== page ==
Anatoly Yakovenko was a kid when he came to the U.S. from Ukraine in the early 1990s. As a teenager, he was enamored with programming, having learned C, his first coding language. The dot-com boom was in full swing and “there was this magical possibility of writing a piece of code that just solves some incredible problem for the world” and becoming the next Steve Jobs or Bill Gates, Yakovenko tells Fortune, seated at a long table at Solana’s Hacker House in Miami.
Anatoly Yakovenko’s background
Yakovenko was in college when the dot-com bubble popped, and “some advisors literally [told] me, ‘maybe computer science is not a good career choice,’” he says. But Yakovenko stuck with it, and, after a failed startup, landed a job at Qualcomm, where he stayed for nearly 13 years working on distributed systems, among other things, before leaving in 2016, per his LinkedIn.
In 2017, Yakovenko had an idea. He had been working with a friend on a side project to build deep-learning hardware. And to offset the costs of setting up all the graphics processing units being used, the duo began mining crypto. By then, Yakovenko was already well aware of the crypto markets. But one night, as the story goes, Yakovenko, riding the highs of two coffees and a beer, wound up staying awake until 4 in the morning and, in the process, had a lightbulb idea. The passage of time itself, he realized, could be used as a data structure to help order transactions and events on the blockchain—a seemingly wonky conclusion that would turn out to be a part of what has become known as “proof of history,” and a key reason why the Solana blockchain can now operate at lightning-fast speeds compared to Bitcoin and Ethereum. (Solana, in conjunction with Proof of History, uses the consensus mechanism known as Proof of Stake to validate transactions on the blockchain.) Yakovenko also brought on several other cofounders, including fellow Qualcomm alumni Greg Fitzgerald and Stephen Akridge.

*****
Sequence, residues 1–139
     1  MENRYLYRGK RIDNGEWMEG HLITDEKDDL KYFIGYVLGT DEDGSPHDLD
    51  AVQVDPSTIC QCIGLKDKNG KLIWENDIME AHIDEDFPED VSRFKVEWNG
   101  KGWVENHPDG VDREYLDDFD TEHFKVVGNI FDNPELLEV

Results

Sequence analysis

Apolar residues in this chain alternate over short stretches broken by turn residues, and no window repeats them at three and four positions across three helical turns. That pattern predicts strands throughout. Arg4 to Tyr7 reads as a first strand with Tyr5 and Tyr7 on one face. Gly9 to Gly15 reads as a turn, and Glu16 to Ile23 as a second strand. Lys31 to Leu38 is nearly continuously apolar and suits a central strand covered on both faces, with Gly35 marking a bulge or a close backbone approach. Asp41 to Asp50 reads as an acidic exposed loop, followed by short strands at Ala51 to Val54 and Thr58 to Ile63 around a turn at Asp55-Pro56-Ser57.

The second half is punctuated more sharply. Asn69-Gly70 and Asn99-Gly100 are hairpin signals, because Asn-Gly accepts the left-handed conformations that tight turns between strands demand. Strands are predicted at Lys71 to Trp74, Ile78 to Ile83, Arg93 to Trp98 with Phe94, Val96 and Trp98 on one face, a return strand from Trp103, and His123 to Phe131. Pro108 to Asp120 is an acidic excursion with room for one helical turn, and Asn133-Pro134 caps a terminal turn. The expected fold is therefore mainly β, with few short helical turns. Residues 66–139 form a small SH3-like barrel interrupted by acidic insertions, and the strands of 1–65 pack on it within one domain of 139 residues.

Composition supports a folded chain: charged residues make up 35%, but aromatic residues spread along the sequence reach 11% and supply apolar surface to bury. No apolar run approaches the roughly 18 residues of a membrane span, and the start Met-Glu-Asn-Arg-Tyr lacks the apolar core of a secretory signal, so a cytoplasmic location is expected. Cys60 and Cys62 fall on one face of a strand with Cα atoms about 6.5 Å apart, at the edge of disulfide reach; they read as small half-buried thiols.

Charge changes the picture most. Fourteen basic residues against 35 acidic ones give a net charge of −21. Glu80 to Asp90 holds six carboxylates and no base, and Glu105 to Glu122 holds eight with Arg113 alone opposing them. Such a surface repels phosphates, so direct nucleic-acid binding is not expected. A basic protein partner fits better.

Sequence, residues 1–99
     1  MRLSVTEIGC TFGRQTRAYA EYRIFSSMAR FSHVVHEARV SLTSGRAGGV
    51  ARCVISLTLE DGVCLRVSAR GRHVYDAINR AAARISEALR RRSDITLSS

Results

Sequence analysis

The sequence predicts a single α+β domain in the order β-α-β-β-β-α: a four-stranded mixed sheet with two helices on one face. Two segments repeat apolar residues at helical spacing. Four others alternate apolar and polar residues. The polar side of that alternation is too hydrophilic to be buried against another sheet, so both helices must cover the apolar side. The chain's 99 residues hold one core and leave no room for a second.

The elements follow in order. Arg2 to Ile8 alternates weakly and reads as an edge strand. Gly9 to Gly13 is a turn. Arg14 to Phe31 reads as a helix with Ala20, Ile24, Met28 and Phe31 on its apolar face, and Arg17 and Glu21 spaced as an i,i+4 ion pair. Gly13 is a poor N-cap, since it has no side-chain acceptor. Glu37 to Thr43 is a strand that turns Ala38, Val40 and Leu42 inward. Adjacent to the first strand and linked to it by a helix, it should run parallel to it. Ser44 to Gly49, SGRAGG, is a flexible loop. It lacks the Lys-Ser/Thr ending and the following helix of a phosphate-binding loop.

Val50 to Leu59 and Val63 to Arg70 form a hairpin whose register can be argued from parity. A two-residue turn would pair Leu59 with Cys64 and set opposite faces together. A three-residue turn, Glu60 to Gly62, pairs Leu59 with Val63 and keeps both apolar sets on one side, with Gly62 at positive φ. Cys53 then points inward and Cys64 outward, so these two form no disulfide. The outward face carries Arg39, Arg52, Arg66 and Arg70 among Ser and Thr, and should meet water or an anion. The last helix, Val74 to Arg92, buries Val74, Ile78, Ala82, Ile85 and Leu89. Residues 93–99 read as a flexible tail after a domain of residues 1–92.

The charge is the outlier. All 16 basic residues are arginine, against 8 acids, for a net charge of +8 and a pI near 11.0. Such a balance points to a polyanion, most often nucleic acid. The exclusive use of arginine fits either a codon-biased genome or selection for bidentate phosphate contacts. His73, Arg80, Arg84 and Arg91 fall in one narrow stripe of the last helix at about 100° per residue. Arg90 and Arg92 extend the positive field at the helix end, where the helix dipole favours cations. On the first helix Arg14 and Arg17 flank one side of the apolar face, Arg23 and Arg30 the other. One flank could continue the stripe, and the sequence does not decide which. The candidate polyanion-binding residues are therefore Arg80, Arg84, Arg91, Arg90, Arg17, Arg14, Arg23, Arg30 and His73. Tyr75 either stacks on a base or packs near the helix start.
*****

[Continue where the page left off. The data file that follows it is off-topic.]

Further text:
A systems engineer ‘through and through’
Dressed in a gray sweatshirt, shorts, sneakers, and a black baseball cap, Yakovenko looks more like many of the other developers than the CEO of a company.
According to those who know him, Yakovenko is a systems engineer “through and through,” as Ali Yahya, general partner at venture capital firm Andreessen Horowitz and an investor in Solana, puts it. The way Yakovenko talks is very analytical and technical, with a somewhat paradoxical mix of calm and, at moments, nervous energy.
Read more via Fortune how Anatoly Yakovenko’s crypto startup Solana Labs is building what investors think will be a core layer of Web3
- Come Back Alive is one of the largest charitable foundations that supports Ukrainian soldiers, founded by the IT specialist Vitaliy Deynega. The organization collected more than 210 million UAH (more than $7M) in 2014. According to Na chasi, the Patreon page Come Back Alive is in the top ten projects by the number of financial donations.
- Army SOS, which develops drones;
- Everybody Can, an organization that supports internally displaced people;
- Help on the Ministry of Defense website.